No one here thus foresees any easy solution to the hostage problem.
Like so many Third World radical leaders before him, Khomeini is asking basically for redress of abased national dignity at the hands of what is comparable to a former colonial power.
These feelings of humiliation date not just from the past 25 years, but also from many, many years of domination, first by the Soviets, then by the British.
In an election year, Carter's problem, diplomats here fear, is that he is pressed for time, while Khomeini feels time is on his side.
However dangerous their predicament is, the U.S. diplomats' incarceration does differ from comparable hostage cases elsewhere in one important aspect.
Iranian officials including Bani-Sadr have ruled out executing the hostages, and since Khomeini has put his official mantle of authority over the embassy occupation by radical students, the usual tension about forcing the hostages' release is absent.
For now, the policy has rallied support in a nation that only a week ago appeared to be slowly going to pieces.
"Will and obstinacy are being shown capable of embarrassing a superpower," a diplomat noted recently. "That proved a popular thing when Khomeini drove out the shah in January, and now again."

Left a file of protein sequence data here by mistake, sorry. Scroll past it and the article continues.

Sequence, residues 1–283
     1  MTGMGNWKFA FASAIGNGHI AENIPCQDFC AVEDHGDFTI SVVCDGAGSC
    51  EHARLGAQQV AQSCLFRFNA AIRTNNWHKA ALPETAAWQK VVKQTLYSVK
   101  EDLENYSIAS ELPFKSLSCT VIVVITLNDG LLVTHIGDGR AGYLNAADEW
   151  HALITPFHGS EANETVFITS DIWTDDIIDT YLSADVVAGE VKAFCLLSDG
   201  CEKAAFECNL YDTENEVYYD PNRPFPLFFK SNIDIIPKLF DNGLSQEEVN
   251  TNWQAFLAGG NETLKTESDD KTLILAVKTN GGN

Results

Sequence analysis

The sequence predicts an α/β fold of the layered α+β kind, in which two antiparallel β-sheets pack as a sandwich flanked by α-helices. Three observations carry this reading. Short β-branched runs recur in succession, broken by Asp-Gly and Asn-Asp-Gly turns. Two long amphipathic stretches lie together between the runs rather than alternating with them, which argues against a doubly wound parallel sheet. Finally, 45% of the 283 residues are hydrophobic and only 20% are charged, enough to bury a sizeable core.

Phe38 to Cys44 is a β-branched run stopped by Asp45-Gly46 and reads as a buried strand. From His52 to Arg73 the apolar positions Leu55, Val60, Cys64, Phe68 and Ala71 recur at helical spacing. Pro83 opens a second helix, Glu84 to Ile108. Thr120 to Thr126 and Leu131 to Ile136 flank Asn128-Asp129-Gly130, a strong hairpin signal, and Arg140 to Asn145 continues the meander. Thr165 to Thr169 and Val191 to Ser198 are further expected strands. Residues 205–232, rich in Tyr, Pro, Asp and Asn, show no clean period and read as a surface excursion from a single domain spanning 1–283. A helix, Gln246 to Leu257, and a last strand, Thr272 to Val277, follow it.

In his interview, Bani-Sadr promised:
Radical change in the Iranian military's organization, training and technical dependence "to free us from the stranglehold" and to effect a "definite break with its former [American] tutors.
An "active foreign policy aimed globally against the hegemony of the superpowers, but especially against the principal enemy, the one with which we are in permanent confrontation" -- once again meaning the United States.
In this light some Iranian radicals have claimed "equilibrium" in Iran's recent abrogation of the 1959 U.S.-Iranian defense treaty that extended the American nuclear shield to Iran and the 1921 Soviet-Iranian treaty that allowed Soviet intervention in Iran's affairs if Iran became a "base of operations against Russia."
Analysts here believe that the Soviet Union is being spared criticism at present largely because Iran fears provoking the Kremlin into providing the rebellious Kurds with arms as happened after World War II.
At home, Bani-Sadr promised a "purge of the state machine," whose employees, often "corrupt or inefficient," absorb the "totality of our oil revenues."
"Our objective," he said, "is to transfer four or five bureaucrats to productive sectors," as well as favoring the countryside over cities, especially Tehran, whose growth even the shah had sought to limit.